For example, scientists have been able to modify the behavior of a certain cockroach species by connecting wires into its antennae and shifting its movement a little bit. Yet as a relatively simple animal, our understanding of its control systems still lags behind.
The biggest barrier to understanding and synthesizing all of this into one uniform technology is the disparate paths that these different sciences take. An upheaval and disruption in computing a neuroscience revolution and the will to merge all of this together is needed.
While this fully immersive virtual world still exists on the peripheries of our dreams, we can contribute to the technology already in place. Slap on a pair of VR glasses today and you'll be amazed at how far we've come in the past few decades. Although the current reality is pessimistic about the near-term possibilities of full VR immersion, don't despair. The ever beating drum of scientific progress is elusive but always near.
Are we living in a simulation?
The pandemic reminds us that our higher education system, with all its flaws, remains a key part of our strategic reserve.
- America's higher education system is under great scrutiny as it adapts to a remote-learning world. These criticisms will only make higher ed more innovative.
- While there are flaws in the system and great challenges ahead, higher education has adapted quickly to allow students to continue learning. John Katzman, CEO of online learning organization Noodle Partners, believes this is cause for optimism not negativity.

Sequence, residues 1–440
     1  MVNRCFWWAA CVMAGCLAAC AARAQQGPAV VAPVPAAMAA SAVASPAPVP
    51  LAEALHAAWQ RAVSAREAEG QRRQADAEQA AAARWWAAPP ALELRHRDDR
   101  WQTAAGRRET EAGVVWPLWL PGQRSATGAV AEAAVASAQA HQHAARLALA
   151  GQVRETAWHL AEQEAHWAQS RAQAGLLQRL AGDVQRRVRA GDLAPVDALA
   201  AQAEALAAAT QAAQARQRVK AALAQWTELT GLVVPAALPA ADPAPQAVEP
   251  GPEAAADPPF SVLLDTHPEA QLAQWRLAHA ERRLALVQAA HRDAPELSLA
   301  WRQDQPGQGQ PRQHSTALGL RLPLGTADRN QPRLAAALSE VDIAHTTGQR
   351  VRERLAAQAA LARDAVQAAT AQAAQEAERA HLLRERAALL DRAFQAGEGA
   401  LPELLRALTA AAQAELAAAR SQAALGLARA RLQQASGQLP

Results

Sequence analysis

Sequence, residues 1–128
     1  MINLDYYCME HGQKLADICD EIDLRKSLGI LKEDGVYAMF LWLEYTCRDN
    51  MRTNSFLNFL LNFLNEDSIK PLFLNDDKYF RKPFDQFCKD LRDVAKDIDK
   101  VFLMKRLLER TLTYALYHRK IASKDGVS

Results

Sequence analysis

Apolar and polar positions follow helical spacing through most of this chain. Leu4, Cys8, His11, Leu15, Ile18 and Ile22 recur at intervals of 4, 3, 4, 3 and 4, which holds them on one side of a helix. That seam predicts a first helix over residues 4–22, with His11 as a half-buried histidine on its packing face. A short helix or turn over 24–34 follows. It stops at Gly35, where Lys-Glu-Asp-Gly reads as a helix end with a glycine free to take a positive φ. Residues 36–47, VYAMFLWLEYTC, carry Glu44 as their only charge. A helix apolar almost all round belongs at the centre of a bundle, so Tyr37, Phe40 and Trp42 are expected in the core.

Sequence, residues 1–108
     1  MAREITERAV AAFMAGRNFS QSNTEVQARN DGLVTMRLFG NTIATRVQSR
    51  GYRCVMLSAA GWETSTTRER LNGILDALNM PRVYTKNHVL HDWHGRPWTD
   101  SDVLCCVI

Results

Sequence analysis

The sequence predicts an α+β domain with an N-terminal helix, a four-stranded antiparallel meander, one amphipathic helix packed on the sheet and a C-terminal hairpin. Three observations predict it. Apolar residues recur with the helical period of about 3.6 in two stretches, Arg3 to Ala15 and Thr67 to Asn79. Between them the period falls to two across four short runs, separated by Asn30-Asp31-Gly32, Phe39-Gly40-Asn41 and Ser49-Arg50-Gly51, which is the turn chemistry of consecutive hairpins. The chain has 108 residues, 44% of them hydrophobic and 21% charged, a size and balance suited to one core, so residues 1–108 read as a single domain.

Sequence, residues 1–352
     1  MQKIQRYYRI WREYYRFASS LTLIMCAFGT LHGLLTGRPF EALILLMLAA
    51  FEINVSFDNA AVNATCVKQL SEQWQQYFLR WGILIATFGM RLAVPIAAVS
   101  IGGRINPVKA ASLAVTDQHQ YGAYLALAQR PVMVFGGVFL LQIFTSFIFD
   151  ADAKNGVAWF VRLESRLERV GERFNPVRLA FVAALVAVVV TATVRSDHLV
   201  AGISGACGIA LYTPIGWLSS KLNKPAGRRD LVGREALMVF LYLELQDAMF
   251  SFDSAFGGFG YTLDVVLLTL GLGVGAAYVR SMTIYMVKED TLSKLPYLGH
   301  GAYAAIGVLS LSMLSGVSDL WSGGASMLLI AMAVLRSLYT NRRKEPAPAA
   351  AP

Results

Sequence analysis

- Universities are pillars of scientific research on the COVID-19 frontlines, they bring facts in times of uncertainty and fake news, and, in a bad economy, education is a personal floatation device.
Researchers present what they’ve learned now that they can read the tiny text inside the Antikythera mechanism.
Though it it seemed to be just a corroded lump of some sort when it was found in a shipwreck off the coast of Greece near Antikythera in 1900, in 1902 archaeologist Valerios Stais, looking at the gear embedded in it, guessed that what we now call the “Antikythera mechanism" was some kind of astronomy-based clock. He was in the minority—most agreed that something so sophisticated must have entered the wreck long after its other 2,000-year-old artifacts. Nothing like it was believed to have existed until 1,500 years later.
The institutional barriers that have often held creative teaching back are being knocked down by the coronavirus era.
- Long-held structures in the education system, like classroom confines and schedules, have held back innovation for a long time, says education leader Richard Culatta.
- In the coronavirus era, we have been able to shake some of those rigid structures loose, making way for creativity and, ultimately, a more open mindset.
- When creativity and technology combine, learning can become so much more than delivering content to a student. Culatta gives two stunning examples: one of a biotech class, and another involving a student discovering a star.
We'd like to think that judging people's worth based on the shape of their head is a practice that's behind us.
'Phrenology' has an old-fashioned ring to it. It sounds like it belongs in a history book, filed somewhere between bloodletting and velocipedes.
Maybe you've been wondering if you're seeing one persistent squirrel or a rotating cast of characters.